Talkin’ New York


Talkin’ New York is a “talking blues”. The talking blues go back at least to the time of the minstrel shows, which were very popular in the early twentieth century. Some researchers believe that Chris Bouchillon, a white singer from South Carolina, invented the form out of necessity: he couldn’t sing worth a damn.

Woody Guthrie helped popularize the talking blues. Dylan had an intense affection for Guthrie’s work. In the excellent documentary Folkways: A Vision Shared, Dylan refers to his early self as a “Woody Guthrie jukebox”. He surely picked up the taking blues style from him. Many of his talking blues show an obvious influence.

Dylan has always been a liberal borrower from other people’s work. As the more devoted Dylan students may remember, there was a lot of discussion concerning Dylan’s borrowing from Junichi Saga’s novel Confessions of a Yakuza: A Life in Japan’s Underworld for his Love and Theft recording. What many don’t realize is that borrowing from other people’s work is a common practice in folk music. The term “folk process” is frequently used to describe it. Below are Dylan’s thoughts on the subject.

“Well, you have to understand that I’m not a melodist,” he says. “My songs are either based on old Protestant hymns or Carter Family songs or variations of the blues form.”

“What happens is, I’ll take a song I know and simply start playing it in my head. That’s the way I meditate. A lot of people will look at a crack on the wall and meditate, or count sheep or angels or money or something, and it’s a proven fact that it’ll help them relax. I don’t meditate on any of that stuff. I meditate on a song.

“I’ll be playing Bob Nolan’s ‘Tumbling Tumbleweeds,’ for instance, in my head constantly – while I’m driving a car or talking to a person or sitting around or whatever. People will think they are talking to me and I’m talking back, but I’m not. I’m listening to the song in my head. At a certain point, some of the words will change and I’ll start writing a song.

He’s slowly strumming the guitar, but it’s hard to pick out the tune. “I wrote ‘Blowin’ in the Wind’ in ten minutes, just put words to an old spiritual, probably something I learned from Carter Family records. That’s the folk music tradition. You use what’s been handed down. ‘The Times They Are A-Changin’ is probably from an old Scottish folk song.”[1]Interview in Los Angeles Time with Robert Hilburn, April 4, 2004

Dylan borrowed quite a bit for Talkin’ New York, the first original song he recorded. According to Manfred Helfert ( the lyrics are derived from Woody Guthrie’s Talking Subway. No doubt about that, have a listen. (I couldn’t find the Guthrie version.)

Dylan’s song is definitely similar. It follows the same general narrative structure: arriving in New York, traveling through the town, looking for a job, and generally having a tough time.

There are a couple of Guthrie references in Talkin’ New York.

Now, a very great man once said
That some people rob you with a fountain pen.

These lines are an obvious reference to Guthrie’s Pretty Boy Floyd (which Dylan recorded):

Now as through this world I ramble,
I see lots of funny men;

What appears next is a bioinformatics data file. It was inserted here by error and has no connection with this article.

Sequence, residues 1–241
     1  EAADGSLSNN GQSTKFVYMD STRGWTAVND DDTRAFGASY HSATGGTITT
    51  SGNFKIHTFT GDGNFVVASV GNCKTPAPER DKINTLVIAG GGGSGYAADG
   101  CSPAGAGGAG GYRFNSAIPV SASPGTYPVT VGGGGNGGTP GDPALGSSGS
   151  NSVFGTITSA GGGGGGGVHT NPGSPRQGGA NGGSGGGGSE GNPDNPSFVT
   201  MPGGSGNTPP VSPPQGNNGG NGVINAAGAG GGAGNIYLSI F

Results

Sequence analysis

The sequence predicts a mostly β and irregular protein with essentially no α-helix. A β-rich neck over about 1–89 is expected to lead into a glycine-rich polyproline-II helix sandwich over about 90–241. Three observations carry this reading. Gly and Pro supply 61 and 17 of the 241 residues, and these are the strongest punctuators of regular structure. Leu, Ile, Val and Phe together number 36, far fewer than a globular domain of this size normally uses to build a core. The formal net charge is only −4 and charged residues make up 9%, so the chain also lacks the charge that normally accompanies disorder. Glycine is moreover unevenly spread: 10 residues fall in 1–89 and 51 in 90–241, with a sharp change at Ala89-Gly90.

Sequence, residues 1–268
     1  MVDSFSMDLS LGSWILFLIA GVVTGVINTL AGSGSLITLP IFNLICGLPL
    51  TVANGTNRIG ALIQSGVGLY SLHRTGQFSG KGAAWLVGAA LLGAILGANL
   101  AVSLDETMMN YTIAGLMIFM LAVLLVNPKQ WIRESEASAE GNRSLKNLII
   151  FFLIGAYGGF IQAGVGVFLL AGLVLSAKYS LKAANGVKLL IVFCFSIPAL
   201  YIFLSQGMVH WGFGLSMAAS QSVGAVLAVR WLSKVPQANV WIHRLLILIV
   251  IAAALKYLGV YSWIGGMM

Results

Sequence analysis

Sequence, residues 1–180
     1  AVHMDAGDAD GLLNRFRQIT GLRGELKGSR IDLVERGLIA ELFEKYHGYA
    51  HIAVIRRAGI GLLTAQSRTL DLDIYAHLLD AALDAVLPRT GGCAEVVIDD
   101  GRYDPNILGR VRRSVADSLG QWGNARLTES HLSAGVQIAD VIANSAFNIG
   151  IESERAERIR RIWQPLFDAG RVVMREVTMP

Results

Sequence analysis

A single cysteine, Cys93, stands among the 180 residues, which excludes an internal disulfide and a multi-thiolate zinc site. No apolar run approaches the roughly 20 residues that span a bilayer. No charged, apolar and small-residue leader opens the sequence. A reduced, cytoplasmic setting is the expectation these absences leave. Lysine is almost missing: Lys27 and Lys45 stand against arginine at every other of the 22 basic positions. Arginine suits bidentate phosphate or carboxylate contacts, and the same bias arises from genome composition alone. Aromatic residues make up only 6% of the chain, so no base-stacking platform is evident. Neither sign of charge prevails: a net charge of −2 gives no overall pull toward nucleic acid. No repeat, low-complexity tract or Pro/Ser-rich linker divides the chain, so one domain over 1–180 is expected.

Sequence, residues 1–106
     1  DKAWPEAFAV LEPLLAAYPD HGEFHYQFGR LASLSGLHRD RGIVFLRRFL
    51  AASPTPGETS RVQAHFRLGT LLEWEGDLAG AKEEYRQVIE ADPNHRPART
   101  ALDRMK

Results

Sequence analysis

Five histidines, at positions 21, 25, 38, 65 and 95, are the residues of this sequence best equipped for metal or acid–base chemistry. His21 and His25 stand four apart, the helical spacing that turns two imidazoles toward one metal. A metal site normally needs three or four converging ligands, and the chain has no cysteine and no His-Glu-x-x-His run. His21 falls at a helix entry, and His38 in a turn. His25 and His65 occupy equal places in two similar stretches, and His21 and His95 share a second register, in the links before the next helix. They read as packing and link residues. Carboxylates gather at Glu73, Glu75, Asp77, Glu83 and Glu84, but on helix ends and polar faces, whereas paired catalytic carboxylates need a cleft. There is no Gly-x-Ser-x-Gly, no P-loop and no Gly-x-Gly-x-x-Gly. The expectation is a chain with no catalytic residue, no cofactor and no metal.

Some will rob you with a six gun,
And some with a fountain pen.

Sidsel Gleason
Sidsel Gleason

“So long, New York/Howdy, East Orange” is another Guthrie reference. During his long decline from Hodgkin’s disease, Woody’s friends Bob and Sidsel Gleason brought him to their East Orange, New Jersey home on the weekends to visit with friends and relatives.

Paul Williams, in the first volume of his Performing Artist series, points out an interesting quirk of Dylan’s songwriting, a technique that he would use many times in the future. Notice how Dylan switches the verbs swung and grabbed in the following lines, subverting the listener’s expectations.

I swung on to my old guitar,
Grabbed hold of a subway car


Ramblin’ outa the wild West
Leavin’ the towns I love the best
Thought I’d seen some ups and downs
’Til I come into New York town
People goin’ down to the ground
Buildings goin’ up to the sky

Wintertime in New York town
The wind blowin’ snow around
Walk around with nowhere to go
Somebody could freeze right to the bone
I froze right to the bone
New York Times said it was the coldest winter in seventeen years
I didn’t feel so cold then

I swung onto my old guitar
Grabbed hold of a subway car
And after a rocking, reeling, rolling ride
I landed up on the downtown side
Greenwich Village

I walked down there and ended up
In one of them coffee-houses on the block
Got on the stage to sing and play
Man there said, “Come back some other day
You sound like a hillbilly
We want folk singers here”

Well, I got a harmonica job, begun to play
Blowin’ my lungs out for a dollar a day
I blowed inside out and upside down
The man there said he loved m’ sound
He was ravin’ about how he loved m’ sound
Dollar a day’s worth

And after weeks and weeks of hangin’ around
I finally got a job in New York town
In a bigger place, bigger money too
Even joined the union and paid m’ dues

Now, a very great man once said
That some people rob you with a fountain pen
It didn’t take too long to find out
Just what he was talkin’ about
A lot of people don’t have much food on their table
But they got a lot of forks ’n’ knives
And they gotta cut somethin’

So one mornin’ when the sun was warm
I rambled out of New York town
Pulled my cap down over my eyes
And headed out for the western skies
So long, New York
Howdy, East Orange


1 Interview in Los Angeles Time with Robert Hilburn, April 4, 2004

2 thoughts on “Talkin’ New York”

  1. Pingback: Bob Dylan Talkin New York - The Woodstock Whisperer/Jim Shelley

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